BEIJING: China began the final countdown yesterday in its bid to become the third nation to rocket a man into orbit, with clear skies forecast over the Gobi desert launchpad where lift-off was due to come as soon as today.
But with the pride of a rising nation pinned to the mission, it was unclear whether China would risk allowing its 1.3 billion people to witness the launch.
Newspapers said state television had scuttled plans for live broadcast and station officials gave conflicting accounts of plans.
On Monday, mission control successfully simulated the launch of the Shenzhou V, or “Divine Ship”, and was fuelling the spacecraft, the Lanzhou Morning Post, based in the province of Gansu, reported from the launch base in nearby Inner Mongolia.
President Hu Jintao was to fly there later yesterday to watch China's bid to realise its decades-old space dreams, Hong Kong media said.
Hu and other leaders have been closeted in Beijing grappling with more earthly concerns, such as a harrowing rich-poor gap, at a Party Central Committee plenum.
Hu was to meet the astronaut – identity still unknown – chosen for the solo flight and preside over a short ceremony before the launch, Hong Kong reports said.
After months of secrecy, the official Xinhua news agency said last week the manned mission would blast off from the Jiuquan Satellite Launch Base between today and Friday and make 14 orbits, spending about 21 hours in space.
Chinese television began whetting the popular appetite for otherworldly adventure on Monday.
It screened a documentary on the history of the nation's space programme called Shaking the Heavens and clips of Hollywood's extraterrestrial run-ins, such as cult director Ed Wood's Plan Nine from Outer Space.
Meteorologists expected fair skies over Jiuquan today and many Chinese were equally upbeat.
“In the 21st century, China is moving from the ranks of the developing countries to the ranks of the developed,” said Liu Qingsong, 33, manager of a health products firm in Beijing.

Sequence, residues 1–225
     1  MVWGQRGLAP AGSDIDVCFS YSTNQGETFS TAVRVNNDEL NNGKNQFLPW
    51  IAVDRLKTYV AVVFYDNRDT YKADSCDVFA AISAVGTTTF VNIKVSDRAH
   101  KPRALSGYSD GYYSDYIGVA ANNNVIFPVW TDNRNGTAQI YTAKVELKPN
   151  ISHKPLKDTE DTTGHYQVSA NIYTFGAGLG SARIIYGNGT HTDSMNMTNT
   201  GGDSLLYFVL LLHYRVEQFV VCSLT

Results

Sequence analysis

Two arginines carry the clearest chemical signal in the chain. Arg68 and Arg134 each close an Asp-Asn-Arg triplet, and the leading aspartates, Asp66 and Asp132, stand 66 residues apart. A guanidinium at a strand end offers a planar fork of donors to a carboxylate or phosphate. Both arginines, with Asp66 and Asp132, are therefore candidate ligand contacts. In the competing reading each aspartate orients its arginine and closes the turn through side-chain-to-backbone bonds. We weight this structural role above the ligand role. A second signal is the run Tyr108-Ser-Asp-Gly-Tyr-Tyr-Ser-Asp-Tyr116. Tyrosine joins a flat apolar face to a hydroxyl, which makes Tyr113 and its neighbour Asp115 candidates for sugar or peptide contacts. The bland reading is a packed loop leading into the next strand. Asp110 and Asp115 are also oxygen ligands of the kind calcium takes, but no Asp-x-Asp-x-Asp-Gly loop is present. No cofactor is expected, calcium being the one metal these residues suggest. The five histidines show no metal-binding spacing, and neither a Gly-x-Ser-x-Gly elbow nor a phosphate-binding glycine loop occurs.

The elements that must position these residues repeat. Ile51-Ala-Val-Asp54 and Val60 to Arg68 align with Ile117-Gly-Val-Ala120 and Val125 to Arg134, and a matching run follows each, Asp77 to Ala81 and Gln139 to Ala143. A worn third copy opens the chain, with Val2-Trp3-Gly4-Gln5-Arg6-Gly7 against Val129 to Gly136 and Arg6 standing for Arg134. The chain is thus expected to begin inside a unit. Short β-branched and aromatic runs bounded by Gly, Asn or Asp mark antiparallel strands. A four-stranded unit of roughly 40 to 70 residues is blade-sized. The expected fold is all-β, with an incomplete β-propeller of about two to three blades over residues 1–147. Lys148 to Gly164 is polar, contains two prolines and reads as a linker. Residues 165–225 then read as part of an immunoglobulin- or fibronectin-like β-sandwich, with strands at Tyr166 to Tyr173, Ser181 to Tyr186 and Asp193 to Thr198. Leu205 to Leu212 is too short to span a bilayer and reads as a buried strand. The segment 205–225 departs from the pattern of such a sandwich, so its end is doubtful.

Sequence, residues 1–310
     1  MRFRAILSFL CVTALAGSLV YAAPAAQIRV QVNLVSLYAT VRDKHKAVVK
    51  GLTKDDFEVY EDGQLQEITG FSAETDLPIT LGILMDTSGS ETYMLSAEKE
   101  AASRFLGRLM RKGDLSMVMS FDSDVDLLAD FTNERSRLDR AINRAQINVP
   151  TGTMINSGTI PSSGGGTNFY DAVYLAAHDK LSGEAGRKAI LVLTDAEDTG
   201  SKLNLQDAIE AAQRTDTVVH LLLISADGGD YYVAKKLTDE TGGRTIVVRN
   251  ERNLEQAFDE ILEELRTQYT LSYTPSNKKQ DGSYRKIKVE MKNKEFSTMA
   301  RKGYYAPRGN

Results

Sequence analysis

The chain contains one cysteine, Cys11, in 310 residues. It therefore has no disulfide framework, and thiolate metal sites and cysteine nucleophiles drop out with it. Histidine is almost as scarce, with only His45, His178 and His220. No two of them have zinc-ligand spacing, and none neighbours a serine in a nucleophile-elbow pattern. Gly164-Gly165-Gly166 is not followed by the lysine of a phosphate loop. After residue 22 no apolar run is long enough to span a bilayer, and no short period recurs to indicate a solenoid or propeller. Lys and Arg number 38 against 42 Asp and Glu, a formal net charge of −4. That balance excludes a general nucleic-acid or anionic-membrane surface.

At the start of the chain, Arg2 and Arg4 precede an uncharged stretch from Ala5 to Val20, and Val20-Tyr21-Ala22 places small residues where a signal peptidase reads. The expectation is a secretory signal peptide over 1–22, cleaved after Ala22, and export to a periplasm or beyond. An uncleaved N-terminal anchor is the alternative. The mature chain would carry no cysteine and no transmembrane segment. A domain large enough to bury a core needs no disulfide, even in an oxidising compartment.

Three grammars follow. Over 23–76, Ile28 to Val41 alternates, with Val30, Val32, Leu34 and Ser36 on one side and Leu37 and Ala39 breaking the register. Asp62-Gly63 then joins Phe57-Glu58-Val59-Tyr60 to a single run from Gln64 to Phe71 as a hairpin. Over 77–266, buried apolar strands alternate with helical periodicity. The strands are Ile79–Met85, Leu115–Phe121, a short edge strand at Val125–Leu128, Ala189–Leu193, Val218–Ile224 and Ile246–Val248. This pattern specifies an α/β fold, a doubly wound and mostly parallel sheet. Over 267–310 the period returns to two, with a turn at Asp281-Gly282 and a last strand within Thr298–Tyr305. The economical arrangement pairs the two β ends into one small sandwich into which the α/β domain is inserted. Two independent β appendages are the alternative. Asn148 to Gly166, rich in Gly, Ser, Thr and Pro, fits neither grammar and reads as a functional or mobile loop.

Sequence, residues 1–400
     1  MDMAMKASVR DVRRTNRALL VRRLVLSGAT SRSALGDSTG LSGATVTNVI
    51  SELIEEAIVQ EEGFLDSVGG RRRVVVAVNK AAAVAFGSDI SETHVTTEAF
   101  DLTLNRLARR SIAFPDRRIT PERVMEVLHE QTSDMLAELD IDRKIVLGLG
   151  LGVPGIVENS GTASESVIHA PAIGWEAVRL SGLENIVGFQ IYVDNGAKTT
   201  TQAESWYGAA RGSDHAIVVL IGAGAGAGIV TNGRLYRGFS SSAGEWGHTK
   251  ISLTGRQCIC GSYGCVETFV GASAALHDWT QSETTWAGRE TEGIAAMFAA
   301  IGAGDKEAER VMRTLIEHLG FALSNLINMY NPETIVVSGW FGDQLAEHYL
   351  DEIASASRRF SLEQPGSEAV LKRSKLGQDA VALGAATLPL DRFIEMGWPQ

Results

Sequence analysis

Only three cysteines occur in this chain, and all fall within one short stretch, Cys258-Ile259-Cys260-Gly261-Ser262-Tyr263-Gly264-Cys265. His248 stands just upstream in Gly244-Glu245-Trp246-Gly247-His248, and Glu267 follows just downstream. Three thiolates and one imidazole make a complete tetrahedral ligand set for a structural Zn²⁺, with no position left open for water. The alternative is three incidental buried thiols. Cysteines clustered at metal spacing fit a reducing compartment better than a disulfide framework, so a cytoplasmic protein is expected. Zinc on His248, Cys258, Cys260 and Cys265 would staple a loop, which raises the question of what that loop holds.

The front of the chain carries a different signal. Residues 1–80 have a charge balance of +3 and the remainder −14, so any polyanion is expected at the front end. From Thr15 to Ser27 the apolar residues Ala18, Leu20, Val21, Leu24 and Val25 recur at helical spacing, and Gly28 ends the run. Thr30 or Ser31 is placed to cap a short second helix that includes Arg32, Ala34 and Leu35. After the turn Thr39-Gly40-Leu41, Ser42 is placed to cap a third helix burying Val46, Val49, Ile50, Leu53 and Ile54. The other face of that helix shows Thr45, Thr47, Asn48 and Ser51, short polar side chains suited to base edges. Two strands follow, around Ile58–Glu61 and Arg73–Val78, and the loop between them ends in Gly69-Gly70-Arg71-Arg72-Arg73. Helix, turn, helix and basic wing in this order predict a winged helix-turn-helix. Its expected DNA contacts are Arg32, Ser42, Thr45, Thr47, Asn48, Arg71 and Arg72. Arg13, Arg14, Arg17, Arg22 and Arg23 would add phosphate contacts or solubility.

“This will be a big step in that direction.”
Space application systems director Gu Yidong told Xinhua the launch would be just a “first step” towards loftier goals like tapping the cosmos as an industrial base.
For now, though, China is trumpeting more modest aims for its growing investment in space, like better satellite data services, weather forecasts and new strains of rice, with up to 12% more protein than that now planted in Chinese padi fields.
There are already signs a smooth mission, along with plans for a lunar probe, a stroll on the moon and a space station, will boost China's aerospace sector.
Shares of Hong Kong-listed China Aerospace International Holdings Ltd, which makes global positioning systems, jumped 16.4% on Monday on hopes of more government investment in space industry.
China would be the third nation to accomplish manned flight, after the former Soviet Union and the United States.
Despite a lag of more than four decades between China and its predecessors, success would spur the country's efforts to emerge on the world stage marked by more active diplomacy, a winning bid to host the 2008 Olympics in Beijing and a robust economy.
Failure would deal a blow to the national psyche and cast the country's myriad problems – from the unrest of laid-off workers and disgruntled farmers to derelict welfare and health systems – in stark relief.
In a possible sign of Beijing's apprehensions, several newspapers said state broadcaster CCTV planned to show only taped footage of the launch.
It cancelled live coverage on the advice of “relevant space experts”, the Lanzhou paper said. – Reuters